Summary: Isn’t it easy to care for and love people who love us, care for us, and do good to us? God is calling every believer to a life of compassionate caring.
The Kind Of Caring That Jesus Loves
1. How many of you find it relatively easy to love those that love you? How many of you would be really nice to me if I gave you a $10,000 check each Sunday for the next four weeks? How many of you would be kind and friendly to a certain church member if they bought your lunch every Sunday this year? See my point?
2. Isn’t it easy to care for and love people who love us, care for us, and do good to us?
3. When we love people and do good things for people like this, it really doesn’t do much to touch the heart of God. Why? Because lost people who don’t know Christ do this. Let’s read Luke 6:32-35.
4. What touches the heart of God? What makes God sit up and take note? Let’s read Luke 14:12-14. Notice, you are blessed, and God keeps a record of it!
5. Do you see the principle? God is calling us to a deeper level of love, compassion, and caring. Deeper than we could ever fathom.
6. The apostle Paul reinforced this principle to the church in Romans 12:20-21, “If thine enemy hunger, feed him; if he thirst, give him drink… Be not overcome of evil, but overcome evil with good.” This is the higher ground.
7. I have a phrase to summarize this divine thought – inconvenient caring. Anybody can love when it’s convenient, anybody can care when it is convenient, and anybody can serve when it is convenient. But God is calling us to leave our comfort zone to care for people when it is not convenient, to love…, to serve…
8. Let’s turn to a familiar parable of Jesus Christ in Luke 10:30-37. This is the parable referred to as “The Good Samaritan.” (Read passage.) What a story! It has violence, crime, racial prejudice, hatred, bad guys, good guys, and all the things they make movies about today, right? And people say the Bible is outdated and irrelevant.
9. This story has a context. A pompous and self-righteous lawyer (an expert and teacher of the Mosaic Law) is trying to ensnare Jesus, backing Him in a corner to make Him look silly, simply to justify himself and his own wrong attitudes. So he asks Jesus a question (vs. 25), and Jesus responds with a question (vs. 26).
• Hearing his response, Jesus knew the man had the right answer (vs. 27), but not the right actions (vs. 28).
10. The lawyer, (maybe convicted) trying to be real sly, asks Jesus another question (vs. 29): “Who is my neighbor?” From this question comes this story of the Good Samaritan (vs. 33).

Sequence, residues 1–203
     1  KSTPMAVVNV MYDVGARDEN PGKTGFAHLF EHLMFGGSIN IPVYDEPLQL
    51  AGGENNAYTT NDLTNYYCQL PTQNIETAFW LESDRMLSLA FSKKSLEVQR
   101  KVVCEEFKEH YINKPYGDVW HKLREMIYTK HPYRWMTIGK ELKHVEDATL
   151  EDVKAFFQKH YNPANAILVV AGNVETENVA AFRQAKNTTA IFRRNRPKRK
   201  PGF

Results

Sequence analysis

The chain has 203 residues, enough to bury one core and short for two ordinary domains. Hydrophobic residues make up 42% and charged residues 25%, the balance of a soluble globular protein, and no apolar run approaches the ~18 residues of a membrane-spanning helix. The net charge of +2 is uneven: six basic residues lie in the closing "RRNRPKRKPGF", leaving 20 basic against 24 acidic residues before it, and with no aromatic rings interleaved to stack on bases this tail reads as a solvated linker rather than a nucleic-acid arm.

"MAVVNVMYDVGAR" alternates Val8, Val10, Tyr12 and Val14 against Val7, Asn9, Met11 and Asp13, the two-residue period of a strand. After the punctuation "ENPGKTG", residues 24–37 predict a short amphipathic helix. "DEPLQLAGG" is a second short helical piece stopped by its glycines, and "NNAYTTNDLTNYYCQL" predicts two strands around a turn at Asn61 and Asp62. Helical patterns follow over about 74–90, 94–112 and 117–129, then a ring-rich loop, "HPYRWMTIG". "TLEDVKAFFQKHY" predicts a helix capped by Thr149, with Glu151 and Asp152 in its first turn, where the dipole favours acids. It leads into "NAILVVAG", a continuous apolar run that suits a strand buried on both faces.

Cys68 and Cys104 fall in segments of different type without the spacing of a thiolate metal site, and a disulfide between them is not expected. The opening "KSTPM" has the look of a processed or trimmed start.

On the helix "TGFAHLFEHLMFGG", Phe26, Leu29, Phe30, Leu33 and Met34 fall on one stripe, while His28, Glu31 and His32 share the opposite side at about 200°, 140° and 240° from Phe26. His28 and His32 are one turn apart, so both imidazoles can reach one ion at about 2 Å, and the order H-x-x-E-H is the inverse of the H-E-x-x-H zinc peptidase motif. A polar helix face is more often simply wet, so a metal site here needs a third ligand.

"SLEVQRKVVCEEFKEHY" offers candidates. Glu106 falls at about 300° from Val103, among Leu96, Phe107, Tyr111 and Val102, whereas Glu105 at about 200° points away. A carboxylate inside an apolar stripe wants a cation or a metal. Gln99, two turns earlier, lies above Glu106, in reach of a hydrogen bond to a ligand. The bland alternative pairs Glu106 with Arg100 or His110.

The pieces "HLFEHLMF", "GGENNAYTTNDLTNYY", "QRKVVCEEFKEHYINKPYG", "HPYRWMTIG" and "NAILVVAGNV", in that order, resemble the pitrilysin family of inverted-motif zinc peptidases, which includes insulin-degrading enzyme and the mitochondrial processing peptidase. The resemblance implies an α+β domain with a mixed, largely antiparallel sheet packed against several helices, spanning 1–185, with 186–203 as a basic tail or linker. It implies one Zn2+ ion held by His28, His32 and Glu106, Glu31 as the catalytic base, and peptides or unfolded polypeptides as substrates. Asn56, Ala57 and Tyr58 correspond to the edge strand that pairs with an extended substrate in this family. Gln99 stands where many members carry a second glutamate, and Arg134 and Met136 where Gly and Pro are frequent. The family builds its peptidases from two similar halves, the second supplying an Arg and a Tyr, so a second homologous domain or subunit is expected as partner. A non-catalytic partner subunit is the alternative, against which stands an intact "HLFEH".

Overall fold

11. What is the message of this story? There are many things to learn, but what I want us to see today is that God is calling every believer to a life of compassionate caring.
Compassionate caring sees wounded lives.
1. When it comes to impacting lives for Christ, leading others to Christ and compassionate caring, vision is very important (vs. 33). See also John 4:35.
2. This certainly isn’t the only component (the priest and Levite saw him), but it is the first step in compassionate caring. You have to be willing to see wounded lives.
3. It is clear from this story that your “neighbor” is not necessarily your neighbor in the sense of the person living next door to you, your friend, your family member across town, or a fellow church member in your LIFE Group.
4. Your neighbor, as defined by Jesus’ parable, is the person that enters your life who is wounded and in need (maybe a complete stranger). We usually think of “neighbor” as a person we already know and have a relationship with. No, it’s a person in need that crosses your path.
5. I believe that wounded people cross our lives often, but so many times, we don’t see them. We have our “to do” list for the day. We have our schedule and our priorities set. And we get tunnel vision. We can become oblivious to hurting hearts around us. There are wounded people all around us.
• We don’t notice that our co-worker is depressed. We fail to recognize that the waitress has tears in her eyes. We don’t notice that our kid’s friend has holes in his shoes. We don’t see the single mom who is exasperated with the hood of her car up and three kids in the car.
6. It can even happen at church. We don’t see the confused face, not knowing where to go, the person sitting all alone at the Wednesday night dinner, the person who looks all alone sitting in church, the first-time guest trying to get three kids to their classrooms, the person looking for a seat, etc.